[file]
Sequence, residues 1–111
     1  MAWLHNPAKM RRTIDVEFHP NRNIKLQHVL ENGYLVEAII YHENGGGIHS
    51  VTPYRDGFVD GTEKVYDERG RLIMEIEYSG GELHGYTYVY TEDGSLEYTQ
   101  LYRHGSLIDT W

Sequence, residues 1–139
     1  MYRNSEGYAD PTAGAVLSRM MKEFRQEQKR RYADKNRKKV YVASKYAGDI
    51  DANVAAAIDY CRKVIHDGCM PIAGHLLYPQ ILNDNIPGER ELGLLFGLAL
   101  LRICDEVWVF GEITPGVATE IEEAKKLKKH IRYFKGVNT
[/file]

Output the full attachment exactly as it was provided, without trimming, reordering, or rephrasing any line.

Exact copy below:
Sequence, residues 1–111
     1  MAWLHNPAKM RRTIDVEFHP NRNIKLQHVL ENGYLVEAII YHENGGGIHS
    51  VTPYRDGFVD GTEKVYDERG RLIMEIEYSG GELHGYTYVY TEDGSLEYTQ
   101  LYRHGSLIDT W

Sequence, residues 1–139
     1  MYRNSEGYAD PTAGAVLSRM MKEFRQEQKR RYADKNRKKV YVASKYAGDI
    51  DANVAAAIDY CRKVIHDGCM PIAGHLLYPQ ILNDNIPGER ELGLLFGLAL
   101  LRICDEVWVF GEITPGVATE IEEAKKLKKH IRYFKGVNT